Nigeria: UN Asks Nigeria to End Death Penalty, Rights Violations

The calls on Nigeria to abolish the death penalty were made on Tuesday at the Universal Periodic Review (UPR) of Nigeria in Geneva, Switzerland.

The United Nations has urged the Nigerian government to abolish the death penalty.

Currently, Nigeria’s correctional centres have 3,413 inmates on death row, Abubakar Umar, spokesperson for the Nigerian Correctional Services, said last December.

Member States of the global body called for an immediate moratorium on the death penalty pending its abolition from Nigeria’s criminal justice system.

The calls were made on Tuesday at the Universal Periodic Review (UPR) of Nigeria in Geneva, Switzerland.

Nigeria’s delegation led by the Attorney General of the Federation and Minister of Justice, Lateef Fagbemi, is currently in Geneva for the UPR, which happens every four to five years.

The UPR is a unique mechanism of the Human Rights Council that calls for each UN Member State to undergo a peer review of its human rights records every 4.5 years.

While presenting Nigeria’s report of its human rights efforts, Mr Fagbemi reeled out a plethora of laws and policies enacted by the government to curb rights abuses.

“Nigeria has enacted several legislations such as the Administration of Criminal Justice Act (2015), the Child Rights Act, and Anti-Torture Act amongst others to safeguard the rights of Nigerians,” the justice minister said, while being flanked by the Solicitor-General of the Federation and Permanent Secretary, Federal Ministry of Justice, Beatrice Jeddy-Agba.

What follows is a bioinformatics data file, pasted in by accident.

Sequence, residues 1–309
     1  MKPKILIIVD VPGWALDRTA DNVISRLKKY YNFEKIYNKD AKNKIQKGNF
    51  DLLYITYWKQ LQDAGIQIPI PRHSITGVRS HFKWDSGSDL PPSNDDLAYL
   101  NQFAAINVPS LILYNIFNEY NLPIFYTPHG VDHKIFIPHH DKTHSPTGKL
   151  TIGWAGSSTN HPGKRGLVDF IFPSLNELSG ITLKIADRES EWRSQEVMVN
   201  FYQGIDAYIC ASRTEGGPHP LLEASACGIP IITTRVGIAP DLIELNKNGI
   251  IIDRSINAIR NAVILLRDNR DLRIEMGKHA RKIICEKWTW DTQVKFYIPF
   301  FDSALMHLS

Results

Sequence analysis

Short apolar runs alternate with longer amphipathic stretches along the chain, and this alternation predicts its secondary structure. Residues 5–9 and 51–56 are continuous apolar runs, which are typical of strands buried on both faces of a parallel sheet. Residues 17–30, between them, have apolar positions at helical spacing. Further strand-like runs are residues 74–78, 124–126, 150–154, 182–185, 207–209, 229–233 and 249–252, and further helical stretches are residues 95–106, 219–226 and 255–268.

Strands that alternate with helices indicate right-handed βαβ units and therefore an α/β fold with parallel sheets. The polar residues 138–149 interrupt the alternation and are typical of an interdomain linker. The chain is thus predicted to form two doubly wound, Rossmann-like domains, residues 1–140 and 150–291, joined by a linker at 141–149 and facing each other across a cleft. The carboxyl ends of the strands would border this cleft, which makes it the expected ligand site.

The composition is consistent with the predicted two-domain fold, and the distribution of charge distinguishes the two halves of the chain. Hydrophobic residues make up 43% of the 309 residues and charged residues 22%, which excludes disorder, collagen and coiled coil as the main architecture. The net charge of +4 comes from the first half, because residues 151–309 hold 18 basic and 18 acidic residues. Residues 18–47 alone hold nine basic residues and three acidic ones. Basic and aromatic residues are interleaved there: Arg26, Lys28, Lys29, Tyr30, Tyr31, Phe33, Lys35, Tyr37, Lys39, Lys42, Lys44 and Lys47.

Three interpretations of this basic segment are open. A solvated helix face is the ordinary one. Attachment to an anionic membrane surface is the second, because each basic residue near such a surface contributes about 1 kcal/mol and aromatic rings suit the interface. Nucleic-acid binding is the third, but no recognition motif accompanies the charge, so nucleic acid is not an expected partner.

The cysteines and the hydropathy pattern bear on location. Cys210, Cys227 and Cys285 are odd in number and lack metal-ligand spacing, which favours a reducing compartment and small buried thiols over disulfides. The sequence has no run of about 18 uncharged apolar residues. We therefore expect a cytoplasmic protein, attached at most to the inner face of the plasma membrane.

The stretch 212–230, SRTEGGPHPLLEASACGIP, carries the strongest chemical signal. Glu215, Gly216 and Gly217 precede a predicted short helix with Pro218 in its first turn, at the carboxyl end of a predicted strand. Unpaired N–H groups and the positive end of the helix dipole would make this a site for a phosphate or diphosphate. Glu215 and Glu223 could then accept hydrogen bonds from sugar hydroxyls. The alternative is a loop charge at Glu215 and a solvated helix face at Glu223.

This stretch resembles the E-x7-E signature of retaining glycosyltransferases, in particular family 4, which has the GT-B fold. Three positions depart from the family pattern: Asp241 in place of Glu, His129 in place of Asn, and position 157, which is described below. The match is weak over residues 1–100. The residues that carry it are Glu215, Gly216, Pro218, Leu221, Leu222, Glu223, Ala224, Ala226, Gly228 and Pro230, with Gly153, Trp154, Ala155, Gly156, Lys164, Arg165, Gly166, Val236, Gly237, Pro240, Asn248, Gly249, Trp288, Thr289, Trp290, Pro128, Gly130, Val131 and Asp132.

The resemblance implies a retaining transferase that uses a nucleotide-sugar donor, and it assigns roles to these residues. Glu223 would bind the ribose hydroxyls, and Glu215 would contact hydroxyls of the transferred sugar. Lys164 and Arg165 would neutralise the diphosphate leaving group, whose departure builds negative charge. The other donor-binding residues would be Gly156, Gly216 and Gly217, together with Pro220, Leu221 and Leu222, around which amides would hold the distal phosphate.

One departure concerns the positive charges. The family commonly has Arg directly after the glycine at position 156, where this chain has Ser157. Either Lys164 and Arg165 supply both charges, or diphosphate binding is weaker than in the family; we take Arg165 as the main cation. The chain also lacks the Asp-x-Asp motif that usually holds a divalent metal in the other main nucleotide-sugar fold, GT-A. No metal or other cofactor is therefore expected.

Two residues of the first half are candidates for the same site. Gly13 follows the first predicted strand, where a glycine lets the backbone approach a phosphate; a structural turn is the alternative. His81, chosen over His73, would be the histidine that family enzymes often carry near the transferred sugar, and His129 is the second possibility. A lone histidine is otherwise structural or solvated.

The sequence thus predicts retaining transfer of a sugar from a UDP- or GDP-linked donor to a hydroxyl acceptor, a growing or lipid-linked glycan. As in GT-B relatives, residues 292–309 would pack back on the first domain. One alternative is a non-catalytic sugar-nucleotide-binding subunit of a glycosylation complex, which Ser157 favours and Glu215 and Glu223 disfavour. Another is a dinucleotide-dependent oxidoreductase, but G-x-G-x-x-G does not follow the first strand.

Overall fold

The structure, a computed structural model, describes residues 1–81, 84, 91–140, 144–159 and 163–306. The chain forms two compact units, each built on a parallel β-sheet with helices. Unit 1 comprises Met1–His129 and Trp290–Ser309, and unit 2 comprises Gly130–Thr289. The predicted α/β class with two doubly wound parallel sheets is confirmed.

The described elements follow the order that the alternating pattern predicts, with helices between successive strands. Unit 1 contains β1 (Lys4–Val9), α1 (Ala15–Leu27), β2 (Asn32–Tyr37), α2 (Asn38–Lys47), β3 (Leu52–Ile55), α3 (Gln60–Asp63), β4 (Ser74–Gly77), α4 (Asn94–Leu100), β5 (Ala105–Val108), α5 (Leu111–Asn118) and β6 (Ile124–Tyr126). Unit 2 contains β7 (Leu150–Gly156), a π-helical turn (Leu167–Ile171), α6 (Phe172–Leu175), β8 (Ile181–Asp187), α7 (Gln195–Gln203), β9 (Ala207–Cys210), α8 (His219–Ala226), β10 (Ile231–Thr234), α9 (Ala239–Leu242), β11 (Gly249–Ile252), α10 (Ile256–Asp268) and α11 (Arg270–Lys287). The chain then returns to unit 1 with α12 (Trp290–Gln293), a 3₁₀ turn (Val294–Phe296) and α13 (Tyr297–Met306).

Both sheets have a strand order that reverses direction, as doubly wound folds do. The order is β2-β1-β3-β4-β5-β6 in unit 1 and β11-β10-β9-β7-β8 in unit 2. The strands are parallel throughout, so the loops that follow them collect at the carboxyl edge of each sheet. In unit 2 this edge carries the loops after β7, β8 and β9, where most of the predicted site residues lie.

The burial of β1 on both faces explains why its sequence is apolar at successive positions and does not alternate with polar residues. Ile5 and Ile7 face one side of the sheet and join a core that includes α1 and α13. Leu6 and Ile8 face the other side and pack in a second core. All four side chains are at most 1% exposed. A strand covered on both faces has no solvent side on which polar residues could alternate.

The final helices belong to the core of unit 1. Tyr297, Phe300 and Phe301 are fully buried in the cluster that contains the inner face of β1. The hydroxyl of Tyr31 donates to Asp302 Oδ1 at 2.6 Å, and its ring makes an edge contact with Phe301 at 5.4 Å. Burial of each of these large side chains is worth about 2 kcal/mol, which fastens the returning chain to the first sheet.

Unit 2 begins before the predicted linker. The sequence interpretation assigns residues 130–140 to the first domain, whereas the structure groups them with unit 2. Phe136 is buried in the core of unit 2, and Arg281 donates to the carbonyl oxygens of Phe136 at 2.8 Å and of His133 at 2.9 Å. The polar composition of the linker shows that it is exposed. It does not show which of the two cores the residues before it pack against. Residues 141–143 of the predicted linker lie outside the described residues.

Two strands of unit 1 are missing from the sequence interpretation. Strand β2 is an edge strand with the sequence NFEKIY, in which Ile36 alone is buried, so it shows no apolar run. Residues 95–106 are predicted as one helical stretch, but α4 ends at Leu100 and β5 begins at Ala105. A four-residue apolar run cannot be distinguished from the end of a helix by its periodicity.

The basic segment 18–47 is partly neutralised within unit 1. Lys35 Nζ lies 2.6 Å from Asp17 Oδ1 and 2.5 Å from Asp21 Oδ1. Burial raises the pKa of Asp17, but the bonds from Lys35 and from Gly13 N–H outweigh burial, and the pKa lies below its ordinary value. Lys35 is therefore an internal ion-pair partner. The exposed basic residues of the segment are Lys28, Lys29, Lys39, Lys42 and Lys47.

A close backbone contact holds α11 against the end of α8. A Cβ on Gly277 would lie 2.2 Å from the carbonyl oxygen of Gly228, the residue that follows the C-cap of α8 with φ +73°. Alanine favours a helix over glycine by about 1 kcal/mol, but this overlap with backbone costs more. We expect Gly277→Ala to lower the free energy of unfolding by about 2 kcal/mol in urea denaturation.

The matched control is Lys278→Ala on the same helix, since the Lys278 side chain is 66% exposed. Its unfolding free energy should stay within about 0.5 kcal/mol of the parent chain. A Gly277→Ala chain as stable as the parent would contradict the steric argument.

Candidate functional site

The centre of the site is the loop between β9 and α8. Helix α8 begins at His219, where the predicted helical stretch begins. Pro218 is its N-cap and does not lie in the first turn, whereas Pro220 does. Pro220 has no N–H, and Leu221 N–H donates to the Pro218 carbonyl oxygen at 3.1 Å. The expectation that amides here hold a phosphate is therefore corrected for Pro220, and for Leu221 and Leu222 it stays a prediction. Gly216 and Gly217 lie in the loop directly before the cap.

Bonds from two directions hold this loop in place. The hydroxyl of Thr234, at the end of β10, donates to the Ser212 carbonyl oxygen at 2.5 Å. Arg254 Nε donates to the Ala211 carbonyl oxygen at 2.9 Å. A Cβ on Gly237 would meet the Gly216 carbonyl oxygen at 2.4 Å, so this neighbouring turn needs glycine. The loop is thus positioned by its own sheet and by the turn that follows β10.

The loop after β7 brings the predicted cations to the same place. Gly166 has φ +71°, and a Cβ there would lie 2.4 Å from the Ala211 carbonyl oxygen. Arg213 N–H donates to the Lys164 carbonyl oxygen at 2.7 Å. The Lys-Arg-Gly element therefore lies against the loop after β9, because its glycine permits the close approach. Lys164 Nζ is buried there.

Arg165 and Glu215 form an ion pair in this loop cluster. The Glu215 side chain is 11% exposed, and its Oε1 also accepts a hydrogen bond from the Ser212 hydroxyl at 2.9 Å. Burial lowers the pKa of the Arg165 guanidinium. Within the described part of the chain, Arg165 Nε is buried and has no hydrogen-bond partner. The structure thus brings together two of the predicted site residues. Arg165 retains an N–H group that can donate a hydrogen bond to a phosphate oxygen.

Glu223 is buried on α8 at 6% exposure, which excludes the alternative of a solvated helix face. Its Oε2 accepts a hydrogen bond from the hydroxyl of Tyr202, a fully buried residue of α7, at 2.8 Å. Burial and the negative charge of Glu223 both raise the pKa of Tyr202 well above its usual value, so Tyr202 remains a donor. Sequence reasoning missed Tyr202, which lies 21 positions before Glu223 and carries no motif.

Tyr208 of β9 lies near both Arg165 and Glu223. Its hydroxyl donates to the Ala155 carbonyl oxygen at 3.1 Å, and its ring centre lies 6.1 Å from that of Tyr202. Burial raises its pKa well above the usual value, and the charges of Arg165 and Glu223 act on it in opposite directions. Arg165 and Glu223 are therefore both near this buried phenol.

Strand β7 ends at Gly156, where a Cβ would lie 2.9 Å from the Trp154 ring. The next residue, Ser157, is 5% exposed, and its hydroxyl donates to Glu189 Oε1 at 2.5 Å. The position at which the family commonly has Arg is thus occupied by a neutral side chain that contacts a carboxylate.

A PREMIUM TIMES reporter was at the UN House in Abuja on Tuesday and monitored the Geneva proceedings of Nigeria’s presentation of its human rights status to the UN Human Rights Council.

Nigeria’s human rights report

The Attorney General said Nigeria’s quest for an improved human rights record led to the strengthening of public institutions to ensure accountability in the event of violations.

Mr Fagbemi explained that the country had taken steps to “promote and protect the enjoyment of fundamental human rights of Nigerians.”

“Nigeria remains committed to the promotion of the rule of law and obedience to court decisions. Nigeria has designated the National Human Rights Commission (NHRC) as the independent Nationa Preventive Mechanism against torture,” the AGF said.

He added that the Child Rights Act is now domesticated across the 36 states of Nigeria, while the Violence Against Persons Prohibition Act is already adopted in many States across the country.

Speaking further on other areas of rights enforcement, the minister noted that the government set up investigative panels following protests over police brutality in Nigeria in 2020, with outcomes of the probe leading to payment of compensations to victims of violations.

On the Nigerian delegation are Wale Fapohunda, a former Attorney-General of Ekiti State; Olumide Osoba, a member of the House of Representatives and Chairman, House Committee on Justice; Abdulrahman Yukubu, a director at the National Human Rights Commission; and the Solicitor-General of the Federation, Ms Jeddy-Agba.

They took turns to present Nigeria’s report of its implementation of human rights mechanisms, which were previously recommended by the UN Human Rights Council.

Nigeria was last reviewed by the 193-member body in 2018 when it made far-reaching recommendations aimed at bolstering the country’s human rights status.